I’ve also realized how important it is to take advantage of bonus Air Miles Rewards and Double dipping.  With a little more conscious effort and awareness, I wonder if we can get the reward up to a 2% cashback equivalent.

Although the Air Miles Reward program may be a little more complicated to calculate cost benefits, it also gives me a little more flexibility to enhance my rewards through purchases, bonuses and redemption of miles for merchandise or travel.

Does my analysis make sense?  Did I miss anything?  Are there any other rewards programs that produce better results than Air Miles?

Written by Jim Yih

Jim Yih is a financial expert, columnist, best selling author and award winning blogger. He is also a Group Pension Consultant for Clearpoint Benefit Solutions.To learn more about Jim, visit www.RetireHappy.ca and JimYih.com.

13 Responses to How to Get the Best Value from Air Miles Rewards

  1. The tough part about AIr Miles is the variables. I like my current rewards card, which gives me 1.5% cash back, deposited into my account each month.

    No muss, no fuss. Very simple and easy to keep track of!

  2. One questions about the credit cards and double dipping: is there a fee for your cards? We recently cancelled our rewards card because on closer analysis, after paying the annual fee we decided it wasn’t worth it.

    • Jim Yih says:

      There is a fee for my cards but I use the travel insurance and car rental insurance all the time so I would pay a fee no matter what.

      Other’s should factor in the annual fee for sure.

      Thanks for popping by

  3. Frugal Guy with Balance says:

    Hi Jim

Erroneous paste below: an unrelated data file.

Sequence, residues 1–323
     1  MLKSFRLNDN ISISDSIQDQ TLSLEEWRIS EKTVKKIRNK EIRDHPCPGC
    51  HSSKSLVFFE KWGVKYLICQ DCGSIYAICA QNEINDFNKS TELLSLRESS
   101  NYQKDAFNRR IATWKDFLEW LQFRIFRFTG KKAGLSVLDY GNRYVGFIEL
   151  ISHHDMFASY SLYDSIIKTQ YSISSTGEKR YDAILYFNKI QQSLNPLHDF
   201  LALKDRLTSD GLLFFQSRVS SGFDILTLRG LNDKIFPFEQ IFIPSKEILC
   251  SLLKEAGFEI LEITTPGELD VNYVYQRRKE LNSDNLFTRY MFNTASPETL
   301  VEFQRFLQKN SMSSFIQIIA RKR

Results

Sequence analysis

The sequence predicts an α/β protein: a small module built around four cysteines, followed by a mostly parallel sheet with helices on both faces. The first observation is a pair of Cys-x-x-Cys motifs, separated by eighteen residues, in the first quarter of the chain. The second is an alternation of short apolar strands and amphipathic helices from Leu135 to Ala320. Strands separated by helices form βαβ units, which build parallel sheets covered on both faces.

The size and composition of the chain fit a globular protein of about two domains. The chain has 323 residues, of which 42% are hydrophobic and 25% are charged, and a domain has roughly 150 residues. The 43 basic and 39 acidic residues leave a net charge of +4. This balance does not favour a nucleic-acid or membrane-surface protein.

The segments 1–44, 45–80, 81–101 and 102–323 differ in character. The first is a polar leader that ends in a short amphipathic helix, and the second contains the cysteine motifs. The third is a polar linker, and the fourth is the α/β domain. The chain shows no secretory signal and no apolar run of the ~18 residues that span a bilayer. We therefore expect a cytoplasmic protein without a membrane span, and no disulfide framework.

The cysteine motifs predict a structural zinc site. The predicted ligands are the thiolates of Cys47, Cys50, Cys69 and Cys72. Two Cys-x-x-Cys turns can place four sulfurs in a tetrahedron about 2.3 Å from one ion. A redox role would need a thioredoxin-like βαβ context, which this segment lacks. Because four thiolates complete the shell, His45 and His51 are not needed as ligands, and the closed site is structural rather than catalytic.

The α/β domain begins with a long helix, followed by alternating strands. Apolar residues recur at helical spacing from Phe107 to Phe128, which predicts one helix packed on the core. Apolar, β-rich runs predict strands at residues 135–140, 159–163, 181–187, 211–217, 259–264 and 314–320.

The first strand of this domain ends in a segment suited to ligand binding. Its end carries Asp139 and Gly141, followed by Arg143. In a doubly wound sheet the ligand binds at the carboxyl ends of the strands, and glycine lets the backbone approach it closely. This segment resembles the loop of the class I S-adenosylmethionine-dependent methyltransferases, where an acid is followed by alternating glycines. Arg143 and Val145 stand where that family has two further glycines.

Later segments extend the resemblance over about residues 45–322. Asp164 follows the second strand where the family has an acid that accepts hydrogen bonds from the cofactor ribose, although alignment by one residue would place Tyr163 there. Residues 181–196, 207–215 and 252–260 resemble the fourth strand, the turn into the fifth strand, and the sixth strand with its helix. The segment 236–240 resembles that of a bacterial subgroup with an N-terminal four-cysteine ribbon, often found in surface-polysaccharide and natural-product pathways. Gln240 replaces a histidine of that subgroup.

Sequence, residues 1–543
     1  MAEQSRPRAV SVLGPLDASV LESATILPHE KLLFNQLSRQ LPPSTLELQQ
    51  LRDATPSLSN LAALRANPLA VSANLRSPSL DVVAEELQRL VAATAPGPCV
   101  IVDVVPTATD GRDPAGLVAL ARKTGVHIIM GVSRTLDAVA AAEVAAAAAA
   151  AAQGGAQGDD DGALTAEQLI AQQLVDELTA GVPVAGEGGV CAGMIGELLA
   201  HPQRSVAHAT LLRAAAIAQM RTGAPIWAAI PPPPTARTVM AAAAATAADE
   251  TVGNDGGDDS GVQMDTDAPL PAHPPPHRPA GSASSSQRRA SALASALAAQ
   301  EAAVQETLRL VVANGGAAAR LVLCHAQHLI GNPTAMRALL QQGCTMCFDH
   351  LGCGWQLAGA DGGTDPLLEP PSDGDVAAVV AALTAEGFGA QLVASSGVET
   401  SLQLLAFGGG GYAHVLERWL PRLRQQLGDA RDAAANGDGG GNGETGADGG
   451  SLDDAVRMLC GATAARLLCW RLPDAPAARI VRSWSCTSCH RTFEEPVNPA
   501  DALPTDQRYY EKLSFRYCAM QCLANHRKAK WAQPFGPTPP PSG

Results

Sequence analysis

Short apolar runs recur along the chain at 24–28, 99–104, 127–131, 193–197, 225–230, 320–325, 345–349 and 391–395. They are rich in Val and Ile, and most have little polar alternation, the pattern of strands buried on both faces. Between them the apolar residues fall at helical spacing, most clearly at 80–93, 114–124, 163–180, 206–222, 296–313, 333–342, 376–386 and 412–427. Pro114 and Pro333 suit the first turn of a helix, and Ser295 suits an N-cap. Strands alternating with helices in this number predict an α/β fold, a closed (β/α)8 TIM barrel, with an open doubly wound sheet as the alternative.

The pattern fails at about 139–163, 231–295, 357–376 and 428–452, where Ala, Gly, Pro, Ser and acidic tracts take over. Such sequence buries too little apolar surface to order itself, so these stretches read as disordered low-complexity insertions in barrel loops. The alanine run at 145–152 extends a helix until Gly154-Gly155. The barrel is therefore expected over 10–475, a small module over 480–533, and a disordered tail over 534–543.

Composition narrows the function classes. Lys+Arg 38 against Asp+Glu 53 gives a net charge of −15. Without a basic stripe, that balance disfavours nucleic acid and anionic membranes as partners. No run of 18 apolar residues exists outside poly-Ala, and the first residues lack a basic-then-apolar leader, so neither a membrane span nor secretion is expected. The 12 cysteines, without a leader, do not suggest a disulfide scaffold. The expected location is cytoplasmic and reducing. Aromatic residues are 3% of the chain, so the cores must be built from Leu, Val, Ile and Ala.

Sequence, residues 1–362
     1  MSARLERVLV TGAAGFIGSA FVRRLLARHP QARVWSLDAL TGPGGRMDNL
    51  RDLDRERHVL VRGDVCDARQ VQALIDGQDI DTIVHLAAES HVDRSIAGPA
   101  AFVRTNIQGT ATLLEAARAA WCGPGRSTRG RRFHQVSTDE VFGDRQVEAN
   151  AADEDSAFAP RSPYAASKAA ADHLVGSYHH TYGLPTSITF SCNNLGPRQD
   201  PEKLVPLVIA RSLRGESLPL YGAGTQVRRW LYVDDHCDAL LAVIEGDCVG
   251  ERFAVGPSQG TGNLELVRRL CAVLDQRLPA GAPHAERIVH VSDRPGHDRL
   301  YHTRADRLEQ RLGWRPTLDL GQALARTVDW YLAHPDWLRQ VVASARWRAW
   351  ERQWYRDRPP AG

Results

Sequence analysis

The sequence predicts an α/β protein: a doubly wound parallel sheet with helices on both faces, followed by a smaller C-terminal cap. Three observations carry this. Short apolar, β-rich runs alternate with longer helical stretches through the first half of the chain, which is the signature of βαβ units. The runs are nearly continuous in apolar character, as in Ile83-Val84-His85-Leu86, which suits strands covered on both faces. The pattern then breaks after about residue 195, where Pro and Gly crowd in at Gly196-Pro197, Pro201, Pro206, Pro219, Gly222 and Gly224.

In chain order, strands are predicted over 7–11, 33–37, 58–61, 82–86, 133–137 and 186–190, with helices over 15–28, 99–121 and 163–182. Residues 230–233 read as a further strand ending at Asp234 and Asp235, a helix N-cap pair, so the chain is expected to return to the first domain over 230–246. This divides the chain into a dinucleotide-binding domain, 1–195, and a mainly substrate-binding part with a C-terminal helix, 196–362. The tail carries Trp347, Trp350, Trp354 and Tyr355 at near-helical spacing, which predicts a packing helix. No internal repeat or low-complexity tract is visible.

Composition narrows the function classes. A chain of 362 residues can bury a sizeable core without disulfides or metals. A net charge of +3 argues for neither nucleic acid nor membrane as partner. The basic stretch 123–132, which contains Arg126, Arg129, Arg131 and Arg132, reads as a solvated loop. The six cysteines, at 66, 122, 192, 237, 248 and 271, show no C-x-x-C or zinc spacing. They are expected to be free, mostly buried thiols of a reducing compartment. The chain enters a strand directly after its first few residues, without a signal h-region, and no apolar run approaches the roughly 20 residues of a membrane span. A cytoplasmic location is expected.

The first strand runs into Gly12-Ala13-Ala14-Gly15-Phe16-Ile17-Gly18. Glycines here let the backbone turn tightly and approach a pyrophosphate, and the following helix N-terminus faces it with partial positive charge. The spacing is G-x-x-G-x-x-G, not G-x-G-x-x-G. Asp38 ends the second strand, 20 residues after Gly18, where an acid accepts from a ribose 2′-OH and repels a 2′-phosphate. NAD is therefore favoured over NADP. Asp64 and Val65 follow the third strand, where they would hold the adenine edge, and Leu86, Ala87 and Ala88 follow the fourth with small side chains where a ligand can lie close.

1. To make air miles pay you have to be disciplined to pay all credit card balances on the due date.

    2. You can’t be buying items just because they have double air miles attached to them.

    2. Not sure but al lot of credit cards including Air miles cards have annual fees.

    3. Air mile rewards cost money how do the companies pay for them. Do they increase the cost
    we all pay for the products.

    4. Most folks do not spend 8k month using there Visa cards I hope. A lot of folks don’t make that much
    Per month.

    5. My opinion is if someone has there financial house in order that means no outstanding consumer debt air miles would be ok.

    6. Jim I think you are poor example to use for an air miles pay back because you unlike the majority of air miles collectors has a very good handle on your finances.

    • Jim Yih says:

      Great points!

      Any example is never perfect. The point is really to show people the methodology to analyze their own situation. Whether you spend $8K or $800 per month, the calculation can still be worked back to compare to a cashback option. I might argue that the less you spend on the CC, the higher the cashback option will look if you can still get all the bonus air miles from double dipping.

  4. Matt says:

    Hi Jim,

    It’s a very good analysis, and certainly helpful for those evaluating their own credit card reward programs.